The Middle Fork has a steep gradient, dropping from an initial elevation of nearly 7,000 feet to 3,000 feet by the time it reaches the main Salmon. The river moves quickly in its upper stretches, and we passed through several Class III rapids—enough whitewater to get cooled off in the 85-degree heat, but not quite enough for white knuckles (that would come later). After a dozen or so miles, we reached our first camp. All of our tents were already set up on a bench of land above the river, optimized for stunning morning vistas. An extensive kitchen had also been assembled, and a few guides were prepping dinner. One does not eat poorly on a Solitude trip; dinners featured steak, fried chicken, grilled salmon, and pork chops with dimensions that boggle the mind (and stomach). Guide Roger Goth, a Dutch oven wizard, created delicious desserts each night, ranging from pineapple upside-down cake to berry crumble. (Roger enlisted Annabel’s help to make the desserts—an experience she still talks about.)

As many guests settled in for a happy-hour libation, my girls and I wandered behind camp to natural hot springs that bubbled out of the steep hillside. A few well-placed rocks created a shallow pool that’s big enough to allow a few sojourners to soak. Whether we’d earned it or not, it felt delicious. (There are several other hot springs along the river’s course; my personal favorite is Sunflower, where 102-degree water cascades 10 feet to form a natural shower, the perfect antidote to sore paddling shoulders. After a few minutes of a hot-water massage, you can jump into the river, which was running an invigorating 60 degrees during our trip.)


The next morning, my girls were a little flustered as they packed their duffels. I understood the feeling. It takes a day or two to adjust to the rhythm of the river, to realize that it doesn’t really matter if you put on a clean shirt or shorts, that combing your hair is optional, and that your only job is to relax and eat well. Later that day, I was shocked to see my eldest—not always the most adventurous—leave the raft and try her hand at paddling an inflatable kayak. I was even more impressed that, after being swept into the branches of a downed tree, she kept her composure while two guides fished her out. That night in camp, my girls continued to amaze. The guides had pointed out a jumping rock just upstream—a 30-foot leap of faith into a deep pool. As several teenage boys and adult guests looked on with uncertainty, Cassidy flew off the rock…and returned to do so three more times! Annabel and mom did, too. (I’m afraid of heights, so I opted for trout fishing just upstream.)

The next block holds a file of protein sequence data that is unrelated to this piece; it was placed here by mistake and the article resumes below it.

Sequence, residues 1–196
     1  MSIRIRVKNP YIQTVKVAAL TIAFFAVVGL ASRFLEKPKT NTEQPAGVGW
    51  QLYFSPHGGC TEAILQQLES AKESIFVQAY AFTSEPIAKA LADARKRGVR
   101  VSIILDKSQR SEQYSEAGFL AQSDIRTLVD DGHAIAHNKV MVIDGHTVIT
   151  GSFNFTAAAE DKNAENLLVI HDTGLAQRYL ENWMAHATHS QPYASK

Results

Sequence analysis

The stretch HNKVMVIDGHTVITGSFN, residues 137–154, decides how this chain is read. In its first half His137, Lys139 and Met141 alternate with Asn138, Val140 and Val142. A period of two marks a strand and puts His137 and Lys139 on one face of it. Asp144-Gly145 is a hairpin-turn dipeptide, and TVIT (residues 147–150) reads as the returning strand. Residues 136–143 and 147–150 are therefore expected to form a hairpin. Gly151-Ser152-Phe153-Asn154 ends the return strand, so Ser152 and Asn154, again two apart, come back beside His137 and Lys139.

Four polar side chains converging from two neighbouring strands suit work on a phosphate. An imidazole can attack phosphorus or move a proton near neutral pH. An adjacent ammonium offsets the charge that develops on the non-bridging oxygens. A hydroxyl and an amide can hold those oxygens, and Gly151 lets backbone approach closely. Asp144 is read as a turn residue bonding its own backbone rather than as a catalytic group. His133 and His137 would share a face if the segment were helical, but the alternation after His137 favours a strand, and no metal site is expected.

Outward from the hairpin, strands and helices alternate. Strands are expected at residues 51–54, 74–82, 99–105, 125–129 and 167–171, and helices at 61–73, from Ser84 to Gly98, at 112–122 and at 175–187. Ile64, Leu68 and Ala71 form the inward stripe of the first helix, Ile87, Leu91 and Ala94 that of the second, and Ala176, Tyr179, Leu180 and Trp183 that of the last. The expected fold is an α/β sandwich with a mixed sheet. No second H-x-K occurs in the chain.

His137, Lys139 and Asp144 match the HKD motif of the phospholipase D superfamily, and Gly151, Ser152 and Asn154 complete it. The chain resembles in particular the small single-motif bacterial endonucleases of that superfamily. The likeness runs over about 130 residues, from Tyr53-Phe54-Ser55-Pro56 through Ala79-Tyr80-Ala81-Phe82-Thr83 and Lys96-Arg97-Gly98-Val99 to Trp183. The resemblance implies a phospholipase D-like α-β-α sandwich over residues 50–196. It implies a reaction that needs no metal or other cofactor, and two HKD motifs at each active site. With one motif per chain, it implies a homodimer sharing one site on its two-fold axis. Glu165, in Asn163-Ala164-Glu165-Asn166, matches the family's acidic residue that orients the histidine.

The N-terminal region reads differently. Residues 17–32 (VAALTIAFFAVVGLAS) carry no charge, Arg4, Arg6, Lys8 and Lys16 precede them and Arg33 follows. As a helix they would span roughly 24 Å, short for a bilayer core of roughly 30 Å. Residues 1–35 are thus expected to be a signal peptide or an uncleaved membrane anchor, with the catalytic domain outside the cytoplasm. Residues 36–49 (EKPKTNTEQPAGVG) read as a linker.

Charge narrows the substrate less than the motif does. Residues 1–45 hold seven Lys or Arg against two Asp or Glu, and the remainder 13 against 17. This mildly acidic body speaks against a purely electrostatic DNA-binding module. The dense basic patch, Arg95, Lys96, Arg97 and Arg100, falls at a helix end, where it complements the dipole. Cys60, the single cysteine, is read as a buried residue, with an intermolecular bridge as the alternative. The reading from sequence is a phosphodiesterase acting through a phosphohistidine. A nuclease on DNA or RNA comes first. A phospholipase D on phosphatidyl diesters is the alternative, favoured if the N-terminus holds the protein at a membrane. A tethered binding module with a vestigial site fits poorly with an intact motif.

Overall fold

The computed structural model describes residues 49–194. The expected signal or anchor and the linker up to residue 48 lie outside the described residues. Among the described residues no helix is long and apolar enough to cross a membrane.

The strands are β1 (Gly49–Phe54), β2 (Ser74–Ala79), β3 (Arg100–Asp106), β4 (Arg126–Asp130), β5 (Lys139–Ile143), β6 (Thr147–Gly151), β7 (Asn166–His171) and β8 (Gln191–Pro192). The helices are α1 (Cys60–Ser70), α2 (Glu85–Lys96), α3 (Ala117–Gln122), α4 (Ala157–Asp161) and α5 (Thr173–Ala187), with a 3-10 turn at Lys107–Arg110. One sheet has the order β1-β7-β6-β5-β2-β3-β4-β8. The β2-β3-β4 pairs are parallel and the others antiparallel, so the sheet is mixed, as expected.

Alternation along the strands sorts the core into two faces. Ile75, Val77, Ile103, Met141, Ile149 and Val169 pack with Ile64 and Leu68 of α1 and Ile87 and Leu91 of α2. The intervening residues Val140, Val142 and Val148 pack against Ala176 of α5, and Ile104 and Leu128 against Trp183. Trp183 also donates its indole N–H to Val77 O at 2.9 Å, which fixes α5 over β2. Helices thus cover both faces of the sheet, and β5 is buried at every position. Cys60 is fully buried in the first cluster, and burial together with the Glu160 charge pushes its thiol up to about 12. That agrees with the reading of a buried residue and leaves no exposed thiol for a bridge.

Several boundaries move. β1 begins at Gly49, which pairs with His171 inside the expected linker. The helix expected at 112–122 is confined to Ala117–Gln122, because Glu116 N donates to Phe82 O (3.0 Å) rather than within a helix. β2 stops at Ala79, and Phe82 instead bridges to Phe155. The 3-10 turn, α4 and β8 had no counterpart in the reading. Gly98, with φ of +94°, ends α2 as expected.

Each day presented new surprises. We’d stop our rafts for short hikes up the canyon to view Native American pictographs or pioneer homesteads. Some of the pictographs resembled tallies; others showed stick-figure-like animals—bighorn sheep or elk—and hunters with their bows drawn.


“Archaeologists and anthropologists have a lot of ideas about what they mean,” Hawley shared at one site. “One thought is that they are the equivalent of doodles or graffiti, made to pass the time while hunters or fishermen were away.”

A herd of bighorn sheep assembled near the river one morning as we passed, unabashed by our presence. On the final morning, guide Adam Grogan shepherded the paddle raft through four of the river’s most challenging rapids—Rubber, Hancock, Devil’s Tooth and House Rock­—in quick succession. My knuckles were white this time, but no one went overboard. Soon, the crystalline waters of the Middle Fork merged with the slightly off-color main stem Salmon, and our trip was done.

On the bus ride back to Stanley, several of the boys had recovered their smartphones and were busy with games and music. Cassidy looked longingly at them and their devices, then leaned her head against the window, looked at the river on our left, and dozed off with a smile on her face.

Trip Tips

Getting there: Most rafters fly into Boise; from there it’s a three-hour drive or short flight to Stanley. McCall Aviation (800-992-6559; www.mccallaviation.com) provides air taxi service between Boise and Stanley.

Best time to visit: Most float the Middle Fork from June through September; water can be high and fast in the early spring, and a little “skinny” in late summer.

Guides/outfitters: We traveled with Solitude River Trips (208-806-1218;www.rivertrips.com), which has been operating for over 35 years. Price (not including gratuities or fees) is $2,095 for adults, $1,775 for students. Middle Fork Outfitters Association (www.idahosmiddlefork.com) lists all licensed outfitters.

Accommodations: Find lodging options on the Stanley-Sawtooth Chamber of Commerce website.

A version of Chris Santella’s story first appeared in the Washington Post in October 2014 and is reprinted with permission.

Photography courtesy of Kat Smith Photography.

Published on April 12, 2015